This is the first in a series of posts on Happyday Farms, the CSA (Community Sponsored Agriculture) program located up here in Northern Mendocino County, run by Casey, Amber, Lito and Courtney.
Happyday Farms. Sometimes I wonder if it isn’t more a state of mind than an actual entity. Then I look out my back window onto a set of terraces, recently sculpted from the soil with the tools of the trade, and formed into bountiful rows of burgeoning produce, and there is no doubt. What was once a homestead thirty-some years ago, has evolved into a flourishing agribusiness, featuring organically-grown produce all year-round, being snapped up by the residents of Northern Mendocino County.
The Community Sponsored Agriculture program (CSA) is the material manifestation of Happyday Farms, but there is more to the canvas than fresh fruits, vegetables, herbs, spices and flowers. There is a spirit that abounds which permeates the air and infuses the residents with energy and optimism. There is so much vibrancy and effervescence everywhere one turns, it’s impossible to remain downhearted for any extended period of time.
After he built the original chunk of his home, back in 2004, Casey began planting the typical kinds of back-yard-garden veggies into beds which had been pre-laid with some form of gopher-proof wire or lattice, over which the soil was spread. As he began to expand his area of interest by excavating the steps, he realized that after a few years he would have to go through and replace all of the lattice due to the inevitable breakdown of the material underground. He therefore stopped inlaying the lattice and began to adopt more practical means of pest control, beginning with the acquisition of four farm cats to protect the vulnerable young greens from mice and other rodents.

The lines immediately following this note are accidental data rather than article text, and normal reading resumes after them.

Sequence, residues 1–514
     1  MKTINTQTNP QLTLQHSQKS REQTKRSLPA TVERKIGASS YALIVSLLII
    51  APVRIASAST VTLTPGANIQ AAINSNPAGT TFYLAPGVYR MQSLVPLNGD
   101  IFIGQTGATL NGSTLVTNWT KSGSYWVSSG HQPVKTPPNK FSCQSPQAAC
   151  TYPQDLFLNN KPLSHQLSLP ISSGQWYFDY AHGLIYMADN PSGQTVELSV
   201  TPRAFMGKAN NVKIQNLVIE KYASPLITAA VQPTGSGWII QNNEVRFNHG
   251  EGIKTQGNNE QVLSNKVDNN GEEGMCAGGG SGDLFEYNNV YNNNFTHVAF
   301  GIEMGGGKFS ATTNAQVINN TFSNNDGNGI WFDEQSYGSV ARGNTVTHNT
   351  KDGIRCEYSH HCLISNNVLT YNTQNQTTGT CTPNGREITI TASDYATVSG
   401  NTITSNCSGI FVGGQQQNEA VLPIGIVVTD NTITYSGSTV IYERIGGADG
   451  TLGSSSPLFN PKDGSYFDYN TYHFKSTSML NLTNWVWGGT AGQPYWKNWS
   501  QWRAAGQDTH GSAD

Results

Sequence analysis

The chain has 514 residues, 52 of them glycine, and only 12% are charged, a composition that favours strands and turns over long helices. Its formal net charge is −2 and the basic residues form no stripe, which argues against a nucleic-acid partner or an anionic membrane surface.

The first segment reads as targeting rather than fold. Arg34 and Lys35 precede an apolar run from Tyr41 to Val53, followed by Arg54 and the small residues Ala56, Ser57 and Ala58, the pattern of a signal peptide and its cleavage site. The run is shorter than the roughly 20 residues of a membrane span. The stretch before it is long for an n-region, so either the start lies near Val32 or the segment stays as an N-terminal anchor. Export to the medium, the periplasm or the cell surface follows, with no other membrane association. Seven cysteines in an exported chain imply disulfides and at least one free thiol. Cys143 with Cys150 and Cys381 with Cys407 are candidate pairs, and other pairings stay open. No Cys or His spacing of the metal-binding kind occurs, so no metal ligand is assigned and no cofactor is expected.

When he and Amber, who had spent several years in the community working on another organic farm, partnered up, Happyday Farms began to take shape. Here and there along the way, Casey hired a a guy who operated an excavator to shape the long terraces that allowed him to grow fresh produce where the terrain is anything but flat. Now he rents the excavator and does the work himself.
The southwestern-facing slope is ideal for growing a great variety of vegetables, and our proximity to the ocean and our elevation of 3,300 feet, keep the climate more temperate in the fall than the nearby valleys. In the lower elevations, the cold drops and the growing season for tomatoes and other frost-inhibited plants is the end of September. Up on the mountain, we never get a frost before November and I have taken tomatoes off the vine in December a half-dozen times at least.
We get plenty of dry heat in the summer so the hot-weather crops thrive and we use greenhouses in the winter to keep fresh lettuce and cooking greens available all year-round. Kale is constantly in demand especially in our household. Over the past few years, I have dramatically altered my diet so that the majority of what I eat comes from either Happyday Farms or the local hippie store.
What we also get plenty of around here is harmony and humor to go with the hard work and long hours. I say “we” in the general sense of the word. I leave the farm work to the younger set, while I do those tasks that are more age-appropriate for a gray-beard. I did move and stack those three cords of oak/madrone and I have been carving steps into the newly-terraced back yard, or west-40, to make it easier to move compost and nutrients around the site. I have also begun the spring weed-eating process, but most of the time I am more likely to be found cleaning up after meals, sweeping and mopping the floors of the inevitable mud, or otherwise keeping things flowing on the domestic front.
I am also to be found taking photos of the farm itself and all that goes on there. What does go on there? Next post. Don’t want to kill the job.